The nephew of Crewe's Maurice Randall, Kevin Randall gave up football after two Manchester United trials came to nothing and convinced the bitterly disappointed youngster that he had no future as a professional. He returned to his job as a clerk with the English Steel Corporation but, gradually, his disenchantment with the game softened, and he joined a local non-League side before being spotted by Bury. After one season there he was freed, and was about to sign for Stockport when a letter arrived from Tony McShane. This offered a far better alternative, for Kevin: Edgeley Park was too near home and, like most twenty-year-olds, he was ready to leave the nest and travel further afield. So he came to Chesterfield, in the summer of 1966.

 

Kevin soon formed an effective partnership with Ivan Hollett but occasionally clashed with McShane, who felt that Kevin was of the 'gifted but idle' sort. A return of ten goals in his first full League season was good, but McShane freed him at the end of that season: however, the Manager was sacked and Kevin was retained on the basis of a compliment paid to a Chesterfield director about the player by no less a person than Bill Shankly. Kevin improved the following term, but the signing of Bill Curry upset rather than inspired him, especially when he was put out onto the right wing to accommodate the new man. Despite this, Kevin was one of many players who formed a father/son relationship with McShane's successor, Jimmy McGuigan, and he grew stronger as a player and a man as he gained McGuigan's confidence.

Kevin wheels away in triumph after scoring against Notts County in Chesterfield's 5-0 win on October 11th, 1969



When Hollett departed, Kevin formed an even better spearhead with Ernie Moss. Indeed, it is almost impossible to consider the merits of them as individuals without reflecting on the role they played in eachother's development. Kevin made it to double figures in each of his six seasons as a Chesterfield player, finishing as top scorer three times, and stands joint third (with George Smith) in the club's list of all-time League goalscorers. For many, his finest Chesterfield game was the memorable F.A. Cup tie at Stoke in '71-2, where he ran Mike Pejic ragged and chipped Gordon Banks (!) for an equaliser.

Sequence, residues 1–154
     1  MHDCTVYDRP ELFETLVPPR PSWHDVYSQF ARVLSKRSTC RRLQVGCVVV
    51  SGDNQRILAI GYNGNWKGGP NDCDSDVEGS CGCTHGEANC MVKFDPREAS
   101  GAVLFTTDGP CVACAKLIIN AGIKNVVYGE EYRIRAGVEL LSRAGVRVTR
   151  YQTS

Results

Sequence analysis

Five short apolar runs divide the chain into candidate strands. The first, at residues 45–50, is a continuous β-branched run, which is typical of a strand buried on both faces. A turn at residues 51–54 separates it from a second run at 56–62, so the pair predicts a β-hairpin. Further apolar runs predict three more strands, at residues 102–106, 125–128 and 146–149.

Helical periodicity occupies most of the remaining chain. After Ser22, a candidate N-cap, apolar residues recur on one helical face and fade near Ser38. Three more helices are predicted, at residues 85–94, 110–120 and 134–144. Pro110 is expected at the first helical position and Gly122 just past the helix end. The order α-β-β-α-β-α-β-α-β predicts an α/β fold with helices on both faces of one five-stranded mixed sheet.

Kevin was sold to Notts. County just before the start of the '72-3 season, and the club never quite found such an effective partner for Ernie. In his first season at Meadow Lane, Kevin's new side won promotion to Division Two. At Notts he became part of an odd record by being one of three players to take and miss the same, single penalty kick, at Portsmouth.

 

He and Ernie were astutely re-united by Billy Bingham at Mansfield and, with the old pair in harness up front, the Stags stormed to the Third Division Championship in 1977.Kevin then suffered a pelvic injury and, although Mansfield fans point to the loss through injury of Ernie Moss as a reason for their quick return to the Third, the sale of Randall to York had something to do with it, too, since it broke up the very partnership that had led them to promotion. He scored twice on his York debut and established himself as a crowd favourite there, becoming their youth coach in 1980 before taking on the mantle of caretaker manager for three months, leaving as Denis Smith took over.

Kevin, John Duncan and Steve Baines celebrate the capture of the Canon League division four championship.



Kevin joined Goole in January 1983 and was their manager at the time that John Duncan offered him a coaching position in his new set-up. Although the two had never worked together, they hit it off from the start, taking Chesterfield to the Fourth Division championship at the end of their second season. After two seasons of Third Division football, Duncan left for Ipswich and Kevin took on the Manager's job. These were times of great struggle, though: gates were down to an average of 2,600, the financial situation was dire and a distracting background of boardroom squabbling had a tremendously unsettling effect.

 

Kevin made astute signings - Arnott, Morris and Triston Benjamin spring readily to mind - and the club fought off relegation in his first season, but became so stuck in a losing rut in his second that dismissal became inevitable. Kevin's departure was announced on October 16th., 1988 and, although everyone had seen it coming, it was still an acutely painful experience for the man, the club's officials and its supporters, since no-one had ever found cause to doubt Kevin's wholehearted commitment to the job.

 

Within days, Kevin became Mansfield's Youth Development Officer, a position he held until February 1993, when John Duncan was invited back to Saltergate and asked Kevin to return as his assistant. For the third time, he helped his beloved club out of the 'Fourth,'  this time, via the play-offs. In May '98, Kevin made a delightful cameo appearance in the play "Theatre of Dreams,” staged locally to celebrate the 1997 FA Cup run.

 

A dreadful 1999-2000 season saw the Spireites relegated to Division Three: Randall and Duncan were sacked in April 2000. Kevin, to his great credit, did not bear a grudge against the club: when the fledgling CFSS needed their support to come out of administration, this support was readily given, despite it costing Kevin a lot of money in compensation owed since his dismissal. The club was able to show its appreciation with a testimonial against Sheffield United in 2003. In recent years Kevin has worked as Chief Scout to sides managed by his team-mate from the 1960’s, Neil Warnock.


For Chesterfield: 258 FL appearances, 96 goals.